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Architecture Billings Index Dips Back into Negative Territory in October

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Architecture Billings Index Dips Back into Negative Territory in October

| aia, architects, architecture jobs, jobs, recession, unemployed architects | November 17, 2010

The American Institute of Architects (AIA) reported today that following on the heels of the first positive reading since January 2008, the Architecture Billings Index (ABI) dropped nearly two points in October.

As a leading economic indicator of construction activity, the ABI reflects the approximate nine to twelve month lag time between architecture billings and construction spending.

The October ABI score was 48.7, down from a reading of 50.4 the previous month. This score reflects a decrease in demand for design services (any score above 50 indicates an increase in billings). The new projects inquiry index was 61.7, down slightly from a nearly three-year high mark of 62.3 in September.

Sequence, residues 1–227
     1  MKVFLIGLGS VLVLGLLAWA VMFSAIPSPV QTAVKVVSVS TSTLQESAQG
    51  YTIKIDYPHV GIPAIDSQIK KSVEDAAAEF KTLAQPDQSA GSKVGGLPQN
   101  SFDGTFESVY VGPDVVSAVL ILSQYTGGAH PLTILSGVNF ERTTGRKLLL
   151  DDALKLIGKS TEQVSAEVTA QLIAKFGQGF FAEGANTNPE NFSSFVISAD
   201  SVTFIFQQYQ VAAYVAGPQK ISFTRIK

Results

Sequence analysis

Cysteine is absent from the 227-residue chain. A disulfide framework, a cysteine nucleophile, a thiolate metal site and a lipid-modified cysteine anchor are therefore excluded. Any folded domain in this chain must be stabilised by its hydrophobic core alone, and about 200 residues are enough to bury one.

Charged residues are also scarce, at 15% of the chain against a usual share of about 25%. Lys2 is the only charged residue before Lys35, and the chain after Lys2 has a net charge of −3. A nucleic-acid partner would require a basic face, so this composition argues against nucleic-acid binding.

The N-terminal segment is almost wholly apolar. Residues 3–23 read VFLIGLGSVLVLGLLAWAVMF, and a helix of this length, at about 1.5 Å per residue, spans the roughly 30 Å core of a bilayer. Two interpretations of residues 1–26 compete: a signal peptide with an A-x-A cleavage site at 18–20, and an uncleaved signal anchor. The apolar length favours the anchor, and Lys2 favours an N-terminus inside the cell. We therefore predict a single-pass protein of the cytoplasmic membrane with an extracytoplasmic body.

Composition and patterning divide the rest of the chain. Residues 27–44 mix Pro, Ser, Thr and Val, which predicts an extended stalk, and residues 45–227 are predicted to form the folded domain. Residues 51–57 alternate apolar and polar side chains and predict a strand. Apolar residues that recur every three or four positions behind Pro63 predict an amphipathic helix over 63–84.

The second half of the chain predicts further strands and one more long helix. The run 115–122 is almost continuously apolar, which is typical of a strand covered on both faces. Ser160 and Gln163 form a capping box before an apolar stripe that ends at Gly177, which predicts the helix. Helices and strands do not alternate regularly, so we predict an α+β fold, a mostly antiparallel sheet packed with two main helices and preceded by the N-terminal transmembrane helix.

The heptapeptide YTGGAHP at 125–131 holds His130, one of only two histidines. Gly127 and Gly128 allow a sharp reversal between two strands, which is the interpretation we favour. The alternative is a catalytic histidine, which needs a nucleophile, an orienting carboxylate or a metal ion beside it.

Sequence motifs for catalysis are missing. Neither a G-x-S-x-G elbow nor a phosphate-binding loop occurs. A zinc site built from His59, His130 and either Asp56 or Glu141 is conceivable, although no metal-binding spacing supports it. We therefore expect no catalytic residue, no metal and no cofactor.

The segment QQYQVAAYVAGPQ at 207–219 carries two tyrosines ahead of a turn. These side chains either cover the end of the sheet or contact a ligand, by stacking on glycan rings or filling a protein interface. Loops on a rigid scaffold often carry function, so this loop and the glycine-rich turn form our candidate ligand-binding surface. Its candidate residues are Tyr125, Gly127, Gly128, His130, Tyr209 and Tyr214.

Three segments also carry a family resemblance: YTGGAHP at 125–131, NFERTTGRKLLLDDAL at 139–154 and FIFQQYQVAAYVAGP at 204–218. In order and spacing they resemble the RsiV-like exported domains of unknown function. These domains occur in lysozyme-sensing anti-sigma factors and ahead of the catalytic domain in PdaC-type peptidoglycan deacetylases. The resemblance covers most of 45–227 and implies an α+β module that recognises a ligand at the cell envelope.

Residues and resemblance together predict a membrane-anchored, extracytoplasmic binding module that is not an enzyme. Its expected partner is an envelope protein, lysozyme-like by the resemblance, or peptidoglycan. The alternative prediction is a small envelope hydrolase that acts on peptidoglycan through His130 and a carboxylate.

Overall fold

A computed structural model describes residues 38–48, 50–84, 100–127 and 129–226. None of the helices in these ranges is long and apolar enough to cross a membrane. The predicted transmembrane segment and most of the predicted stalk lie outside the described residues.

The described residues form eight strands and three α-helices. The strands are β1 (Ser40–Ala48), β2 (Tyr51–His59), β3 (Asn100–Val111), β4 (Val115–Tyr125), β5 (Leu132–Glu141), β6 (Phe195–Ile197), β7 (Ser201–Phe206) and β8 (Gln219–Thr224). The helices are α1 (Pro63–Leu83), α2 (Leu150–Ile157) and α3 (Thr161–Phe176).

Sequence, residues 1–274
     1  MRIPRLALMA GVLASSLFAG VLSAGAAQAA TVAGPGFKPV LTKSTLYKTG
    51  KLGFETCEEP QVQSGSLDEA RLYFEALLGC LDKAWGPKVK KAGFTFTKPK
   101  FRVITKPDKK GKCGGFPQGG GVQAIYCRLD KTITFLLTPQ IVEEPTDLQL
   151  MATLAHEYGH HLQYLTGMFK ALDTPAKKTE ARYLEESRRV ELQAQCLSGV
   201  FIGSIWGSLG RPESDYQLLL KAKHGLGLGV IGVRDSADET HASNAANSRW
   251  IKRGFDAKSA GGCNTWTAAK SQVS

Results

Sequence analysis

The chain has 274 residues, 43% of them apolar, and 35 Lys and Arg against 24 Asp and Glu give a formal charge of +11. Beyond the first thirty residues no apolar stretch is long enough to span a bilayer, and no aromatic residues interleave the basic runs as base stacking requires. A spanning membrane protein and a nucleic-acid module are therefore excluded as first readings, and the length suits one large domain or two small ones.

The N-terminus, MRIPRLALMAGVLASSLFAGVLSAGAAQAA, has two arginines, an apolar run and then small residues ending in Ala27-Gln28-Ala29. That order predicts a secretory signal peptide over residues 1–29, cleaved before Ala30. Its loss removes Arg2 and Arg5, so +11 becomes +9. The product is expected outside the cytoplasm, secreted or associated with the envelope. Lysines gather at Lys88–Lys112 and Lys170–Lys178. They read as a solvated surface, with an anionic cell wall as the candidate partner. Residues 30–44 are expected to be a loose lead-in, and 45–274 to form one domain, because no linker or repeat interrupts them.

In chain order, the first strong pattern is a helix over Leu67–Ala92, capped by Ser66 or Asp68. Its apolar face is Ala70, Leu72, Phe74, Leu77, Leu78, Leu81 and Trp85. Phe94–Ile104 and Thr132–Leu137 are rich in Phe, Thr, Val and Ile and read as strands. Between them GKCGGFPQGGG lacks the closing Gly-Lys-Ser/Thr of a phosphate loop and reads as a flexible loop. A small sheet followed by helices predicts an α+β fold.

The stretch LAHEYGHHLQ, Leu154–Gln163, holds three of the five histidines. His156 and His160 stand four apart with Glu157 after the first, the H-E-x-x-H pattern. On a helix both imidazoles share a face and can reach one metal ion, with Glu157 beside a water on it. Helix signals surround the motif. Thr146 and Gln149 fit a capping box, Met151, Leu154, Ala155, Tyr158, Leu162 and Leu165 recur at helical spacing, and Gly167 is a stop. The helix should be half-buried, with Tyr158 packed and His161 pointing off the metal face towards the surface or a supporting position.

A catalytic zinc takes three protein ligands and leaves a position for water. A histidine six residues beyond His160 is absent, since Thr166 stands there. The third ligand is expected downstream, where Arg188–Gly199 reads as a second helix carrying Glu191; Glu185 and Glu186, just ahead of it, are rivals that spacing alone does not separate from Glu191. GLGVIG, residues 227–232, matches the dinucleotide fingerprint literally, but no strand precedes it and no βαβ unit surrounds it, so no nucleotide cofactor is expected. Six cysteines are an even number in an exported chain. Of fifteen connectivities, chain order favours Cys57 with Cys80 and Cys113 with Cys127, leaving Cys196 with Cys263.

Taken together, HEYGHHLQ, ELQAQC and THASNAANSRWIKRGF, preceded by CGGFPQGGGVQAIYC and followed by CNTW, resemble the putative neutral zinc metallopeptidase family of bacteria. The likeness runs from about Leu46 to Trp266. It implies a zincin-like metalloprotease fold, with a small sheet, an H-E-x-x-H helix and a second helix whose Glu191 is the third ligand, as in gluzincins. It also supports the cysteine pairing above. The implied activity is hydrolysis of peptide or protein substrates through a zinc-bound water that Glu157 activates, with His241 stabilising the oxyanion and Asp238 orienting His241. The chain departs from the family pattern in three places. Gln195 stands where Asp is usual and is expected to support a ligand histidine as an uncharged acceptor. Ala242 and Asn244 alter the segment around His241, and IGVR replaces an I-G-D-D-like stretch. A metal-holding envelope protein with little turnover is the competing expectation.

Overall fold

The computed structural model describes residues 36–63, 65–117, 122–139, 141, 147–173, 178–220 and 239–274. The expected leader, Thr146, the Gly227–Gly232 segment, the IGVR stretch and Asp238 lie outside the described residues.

“This is disappointing news, but not altogether that surprising,” said AIA Chief Economist Kermit Baker, PhD, Hon. AIA. “We were anticipating a slow recovery period and it is likely that there will be some fits and starts before conditions show consistent improvement. Right now, reluctance from lending institutions to provide credit for construction projects and a sluggish economy are the main impediments to a revival of the design and construction industry.”

Key October ABI highlights:

  • Regional averages: Northeast (54.5), Midwest (51.8), South (48.6), West (44.3)
  • Sector index breakdown: commercial / industrial (54.5), institutional (50.8), multi-family residential (49.1), mixed practice (43.2)
  • Project inquiries index: 61.7

Via Real Estate Channel

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About the author

After working at various design practices on a full-time and freelance basis, and starting his own design firm, David McFadden saw that there was a gap to be filled in the industry. In 1984, he created an expansive hub for architects and hiring firms to sync up, complete projects, and mutually benefit. That hub was Consulting For Architects Inc., which enabled architects to find meaningful design work, while freeing hiring firms from tedious hiring-firing cycles. This departure from the traditional, more rigid style of employer-employee relations was just what the industry needed - flexibility and adaption to modern work circumstances. David has successfully advised his clients through the trials and tribulations of four recessions – the early 80’s, the early 90’s, the early 2000’s, and the Great Recession of 2007.

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